How to Enhance Safety Culture and Leadership through Proactive Legal Compliance?

by Tjeerd Hendel-Blackford 14 Jun. 2019

Compliance is a must-have.

The more you read about the EHS industry, the more you hear about how companies want to move “beyond compliance.” This statement is understandable—compliance can feel like just another administrative burden and just another thing for busy EHS professionals to manage. After all, compliance does not automatically equal safety.

But how can a company go beyond compliance if it is not compliant in the first place? Has something changed that means compliance with the law is no longer important?

A popular misconception has been perpetuated that rules and regulations protecting workers or the environment somehow harm business and stifle growth. This is plain wrong. Laws and regulations are not there to hamper businesses from growing; they are there to hamper irresponsible business growth. Can businesses be responsible without laws and policies to help guide and restrict their practices? Maybe, but there are countless examples throughout history of workers being injured, or a major pollution incident harming the environment—indicating that this is not always the case. Many of those incidents are as a result of companies not acting responsibly—so the controls, and laws, are there for good reason.

Whether you like it or not,your business/corporate leadership will no doubt expect you to be compliant with EHS laws across your locations.

In short, compliance is a must-have, not simply a nice-to-have.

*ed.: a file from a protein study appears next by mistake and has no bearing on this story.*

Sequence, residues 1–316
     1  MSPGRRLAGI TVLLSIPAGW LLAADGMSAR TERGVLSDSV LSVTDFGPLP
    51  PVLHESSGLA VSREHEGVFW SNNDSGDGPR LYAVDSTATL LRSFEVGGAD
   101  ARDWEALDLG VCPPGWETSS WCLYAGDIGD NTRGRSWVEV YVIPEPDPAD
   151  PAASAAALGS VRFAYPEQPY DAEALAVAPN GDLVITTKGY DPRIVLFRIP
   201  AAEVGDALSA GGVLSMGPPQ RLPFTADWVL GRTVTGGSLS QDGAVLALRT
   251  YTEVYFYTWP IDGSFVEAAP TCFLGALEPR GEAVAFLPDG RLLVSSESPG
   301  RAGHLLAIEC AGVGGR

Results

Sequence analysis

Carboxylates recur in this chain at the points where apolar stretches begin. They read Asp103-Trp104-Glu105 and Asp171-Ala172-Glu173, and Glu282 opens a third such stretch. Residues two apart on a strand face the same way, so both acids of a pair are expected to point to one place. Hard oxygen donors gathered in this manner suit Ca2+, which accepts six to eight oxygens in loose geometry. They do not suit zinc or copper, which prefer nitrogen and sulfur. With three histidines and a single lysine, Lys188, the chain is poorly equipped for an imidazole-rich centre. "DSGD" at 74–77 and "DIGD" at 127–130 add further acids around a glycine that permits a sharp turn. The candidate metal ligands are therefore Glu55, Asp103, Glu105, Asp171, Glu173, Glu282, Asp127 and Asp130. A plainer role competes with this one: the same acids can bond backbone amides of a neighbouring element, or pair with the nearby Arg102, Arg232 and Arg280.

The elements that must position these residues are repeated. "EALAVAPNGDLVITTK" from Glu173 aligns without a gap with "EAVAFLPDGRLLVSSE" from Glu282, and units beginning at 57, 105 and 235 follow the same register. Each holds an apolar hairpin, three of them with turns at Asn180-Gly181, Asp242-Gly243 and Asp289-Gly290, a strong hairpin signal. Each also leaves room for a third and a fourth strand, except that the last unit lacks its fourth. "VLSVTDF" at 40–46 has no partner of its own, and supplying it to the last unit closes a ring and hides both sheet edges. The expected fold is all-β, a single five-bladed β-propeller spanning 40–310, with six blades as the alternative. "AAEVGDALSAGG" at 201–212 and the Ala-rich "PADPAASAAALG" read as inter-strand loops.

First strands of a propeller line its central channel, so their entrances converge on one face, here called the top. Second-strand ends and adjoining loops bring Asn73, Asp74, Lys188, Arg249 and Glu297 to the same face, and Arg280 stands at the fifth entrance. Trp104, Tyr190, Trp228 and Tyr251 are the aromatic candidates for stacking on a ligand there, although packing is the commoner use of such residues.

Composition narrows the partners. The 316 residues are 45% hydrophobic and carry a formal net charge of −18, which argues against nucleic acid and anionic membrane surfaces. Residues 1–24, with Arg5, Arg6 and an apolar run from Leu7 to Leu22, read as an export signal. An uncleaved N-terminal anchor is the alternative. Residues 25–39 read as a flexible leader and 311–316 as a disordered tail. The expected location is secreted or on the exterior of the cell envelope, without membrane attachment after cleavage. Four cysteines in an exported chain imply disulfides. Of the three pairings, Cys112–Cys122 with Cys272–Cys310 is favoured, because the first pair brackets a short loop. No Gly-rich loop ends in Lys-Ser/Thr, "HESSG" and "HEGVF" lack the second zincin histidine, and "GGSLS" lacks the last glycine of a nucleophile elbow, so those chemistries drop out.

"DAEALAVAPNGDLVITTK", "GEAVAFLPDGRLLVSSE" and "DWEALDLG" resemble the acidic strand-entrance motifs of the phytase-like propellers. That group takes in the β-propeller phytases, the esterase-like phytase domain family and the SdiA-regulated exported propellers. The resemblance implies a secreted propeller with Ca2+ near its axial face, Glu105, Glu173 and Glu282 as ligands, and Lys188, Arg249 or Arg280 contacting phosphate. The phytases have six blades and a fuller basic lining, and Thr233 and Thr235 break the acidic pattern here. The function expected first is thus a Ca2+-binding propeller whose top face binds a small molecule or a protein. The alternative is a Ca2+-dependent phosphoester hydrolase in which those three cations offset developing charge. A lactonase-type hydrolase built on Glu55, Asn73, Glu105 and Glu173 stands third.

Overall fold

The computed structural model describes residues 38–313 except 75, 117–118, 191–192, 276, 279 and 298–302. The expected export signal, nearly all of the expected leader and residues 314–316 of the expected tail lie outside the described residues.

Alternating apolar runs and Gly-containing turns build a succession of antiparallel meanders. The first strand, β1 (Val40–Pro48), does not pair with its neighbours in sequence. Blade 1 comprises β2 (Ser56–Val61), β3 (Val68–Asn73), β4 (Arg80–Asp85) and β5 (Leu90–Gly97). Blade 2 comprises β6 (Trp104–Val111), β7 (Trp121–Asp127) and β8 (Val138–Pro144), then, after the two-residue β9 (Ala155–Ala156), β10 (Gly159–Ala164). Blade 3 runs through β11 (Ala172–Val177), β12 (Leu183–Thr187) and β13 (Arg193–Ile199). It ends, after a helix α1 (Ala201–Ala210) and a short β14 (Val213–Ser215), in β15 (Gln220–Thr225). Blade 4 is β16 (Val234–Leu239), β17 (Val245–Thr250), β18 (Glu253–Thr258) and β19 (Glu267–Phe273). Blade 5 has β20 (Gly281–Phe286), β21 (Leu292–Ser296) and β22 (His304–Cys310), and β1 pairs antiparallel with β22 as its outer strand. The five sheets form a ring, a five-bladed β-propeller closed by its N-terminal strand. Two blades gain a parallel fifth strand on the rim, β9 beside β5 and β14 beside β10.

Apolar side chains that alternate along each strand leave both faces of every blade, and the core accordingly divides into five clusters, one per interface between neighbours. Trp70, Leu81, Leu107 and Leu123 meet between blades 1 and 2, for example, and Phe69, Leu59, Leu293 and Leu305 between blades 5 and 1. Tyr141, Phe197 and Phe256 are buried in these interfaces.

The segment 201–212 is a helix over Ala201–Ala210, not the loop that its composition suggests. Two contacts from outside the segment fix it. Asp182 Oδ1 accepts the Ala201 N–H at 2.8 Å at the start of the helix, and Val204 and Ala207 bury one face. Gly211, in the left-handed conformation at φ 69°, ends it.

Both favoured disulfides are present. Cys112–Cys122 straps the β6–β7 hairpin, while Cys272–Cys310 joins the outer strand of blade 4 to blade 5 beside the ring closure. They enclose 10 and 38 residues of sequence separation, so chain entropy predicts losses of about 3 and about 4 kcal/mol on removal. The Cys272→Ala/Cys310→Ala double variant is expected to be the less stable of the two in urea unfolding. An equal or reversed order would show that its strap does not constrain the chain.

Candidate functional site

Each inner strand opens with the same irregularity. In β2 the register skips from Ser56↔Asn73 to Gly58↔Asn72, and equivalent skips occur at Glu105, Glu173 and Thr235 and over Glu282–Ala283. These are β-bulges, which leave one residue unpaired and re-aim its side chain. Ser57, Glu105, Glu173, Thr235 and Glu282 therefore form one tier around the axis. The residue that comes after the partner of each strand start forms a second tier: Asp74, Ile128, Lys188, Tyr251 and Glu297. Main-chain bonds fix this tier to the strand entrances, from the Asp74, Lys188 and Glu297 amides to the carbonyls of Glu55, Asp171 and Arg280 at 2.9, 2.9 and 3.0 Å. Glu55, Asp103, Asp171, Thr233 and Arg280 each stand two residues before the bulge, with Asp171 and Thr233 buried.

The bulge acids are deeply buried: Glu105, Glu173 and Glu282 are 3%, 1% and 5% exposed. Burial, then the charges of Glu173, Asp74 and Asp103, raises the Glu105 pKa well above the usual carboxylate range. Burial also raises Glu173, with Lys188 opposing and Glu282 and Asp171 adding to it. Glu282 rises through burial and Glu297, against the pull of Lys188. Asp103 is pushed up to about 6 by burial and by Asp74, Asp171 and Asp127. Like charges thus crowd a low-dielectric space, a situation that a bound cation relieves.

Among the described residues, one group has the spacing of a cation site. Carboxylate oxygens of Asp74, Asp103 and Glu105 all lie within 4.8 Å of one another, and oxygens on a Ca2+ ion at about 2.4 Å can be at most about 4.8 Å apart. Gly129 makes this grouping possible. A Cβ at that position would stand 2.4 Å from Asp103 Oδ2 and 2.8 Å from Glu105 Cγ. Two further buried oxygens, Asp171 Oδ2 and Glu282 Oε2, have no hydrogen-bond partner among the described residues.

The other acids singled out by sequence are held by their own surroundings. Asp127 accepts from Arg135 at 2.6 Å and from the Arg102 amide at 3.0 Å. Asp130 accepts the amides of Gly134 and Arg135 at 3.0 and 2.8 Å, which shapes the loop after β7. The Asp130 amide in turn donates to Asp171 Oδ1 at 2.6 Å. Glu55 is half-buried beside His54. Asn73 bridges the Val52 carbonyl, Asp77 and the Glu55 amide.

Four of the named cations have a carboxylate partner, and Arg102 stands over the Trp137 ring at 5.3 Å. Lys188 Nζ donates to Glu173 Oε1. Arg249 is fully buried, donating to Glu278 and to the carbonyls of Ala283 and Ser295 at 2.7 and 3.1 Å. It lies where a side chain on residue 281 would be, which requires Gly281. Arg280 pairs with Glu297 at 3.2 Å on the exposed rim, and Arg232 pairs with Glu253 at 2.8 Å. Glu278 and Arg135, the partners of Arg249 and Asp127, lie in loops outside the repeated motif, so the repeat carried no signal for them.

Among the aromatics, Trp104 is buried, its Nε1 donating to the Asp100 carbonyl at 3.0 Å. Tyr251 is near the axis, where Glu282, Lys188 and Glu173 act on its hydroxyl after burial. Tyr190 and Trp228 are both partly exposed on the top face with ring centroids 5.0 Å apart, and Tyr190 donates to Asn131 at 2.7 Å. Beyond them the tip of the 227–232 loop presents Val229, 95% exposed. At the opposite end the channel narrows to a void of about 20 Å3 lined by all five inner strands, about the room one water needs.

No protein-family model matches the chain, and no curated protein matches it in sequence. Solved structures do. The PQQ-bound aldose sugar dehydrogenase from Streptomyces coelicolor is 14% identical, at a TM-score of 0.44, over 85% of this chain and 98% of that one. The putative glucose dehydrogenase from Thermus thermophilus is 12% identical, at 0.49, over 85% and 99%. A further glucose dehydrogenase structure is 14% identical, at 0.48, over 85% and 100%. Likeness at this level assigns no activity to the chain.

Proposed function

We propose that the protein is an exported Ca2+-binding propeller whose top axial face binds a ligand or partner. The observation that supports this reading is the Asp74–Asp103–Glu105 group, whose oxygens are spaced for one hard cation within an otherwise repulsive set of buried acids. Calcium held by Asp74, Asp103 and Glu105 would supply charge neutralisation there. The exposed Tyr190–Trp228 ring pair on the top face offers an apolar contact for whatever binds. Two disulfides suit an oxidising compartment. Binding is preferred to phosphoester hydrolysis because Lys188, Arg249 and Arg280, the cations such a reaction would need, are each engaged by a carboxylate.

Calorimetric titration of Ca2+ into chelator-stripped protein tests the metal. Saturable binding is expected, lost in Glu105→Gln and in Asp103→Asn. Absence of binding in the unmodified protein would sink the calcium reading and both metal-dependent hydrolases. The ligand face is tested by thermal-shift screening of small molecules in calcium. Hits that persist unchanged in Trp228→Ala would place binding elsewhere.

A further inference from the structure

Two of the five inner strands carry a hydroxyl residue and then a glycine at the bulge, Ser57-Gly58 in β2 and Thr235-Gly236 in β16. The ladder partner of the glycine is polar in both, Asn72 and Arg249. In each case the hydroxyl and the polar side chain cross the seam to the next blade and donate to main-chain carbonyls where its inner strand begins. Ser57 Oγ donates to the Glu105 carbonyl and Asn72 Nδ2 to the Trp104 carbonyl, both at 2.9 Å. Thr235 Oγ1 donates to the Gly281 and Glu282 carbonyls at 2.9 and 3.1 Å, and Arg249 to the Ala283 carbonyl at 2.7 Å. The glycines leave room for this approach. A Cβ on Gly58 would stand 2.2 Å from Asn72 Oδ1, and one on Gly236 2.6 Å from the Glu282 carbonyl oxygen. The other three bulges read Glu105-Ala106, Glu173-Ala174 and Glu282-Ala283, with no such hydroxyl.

But how can EHS legal compliance enhance your safety culture and leadership? There can be many barriers to creating and maintaining a compliance culture that spans all levels of your company—from site level to leadership and across different geographical locations. Compliance with the law is a complex and time-consuming business. Laws are constantly changing and evolving. Legal language is often a quagmire of references, cross-references, legal phraseology and obscure definitions. To add to this cauldron, is the simple fact that laws vary in every country and regional jurisdiction—and are often in a variety of languages.


A Global Compliance Program to Enhance Culture & Leadership

Legal compliance can absolutely be an important aspect of enhancing safety culture and leadership, if you company takes a global, proactive approach that allows On-going Compliance Management.

This involves creations of living “compliance registers” for each of your sites around the world. This fulfills the dual purpose of making companies aware of which laws apply to them, but also creating the possibility to assess, record and verify your compliance status continuously—not just when a compliance audit is scheduled.

Ongoing compliance management allows a company to maintain knowledge and understanding of its compliance status and be proactive. Such an approach involves the implementation of a system that enables:

  • The determination of applicable laws and requirements at the site/facility level
  • Conducting compliance self-assessments at site level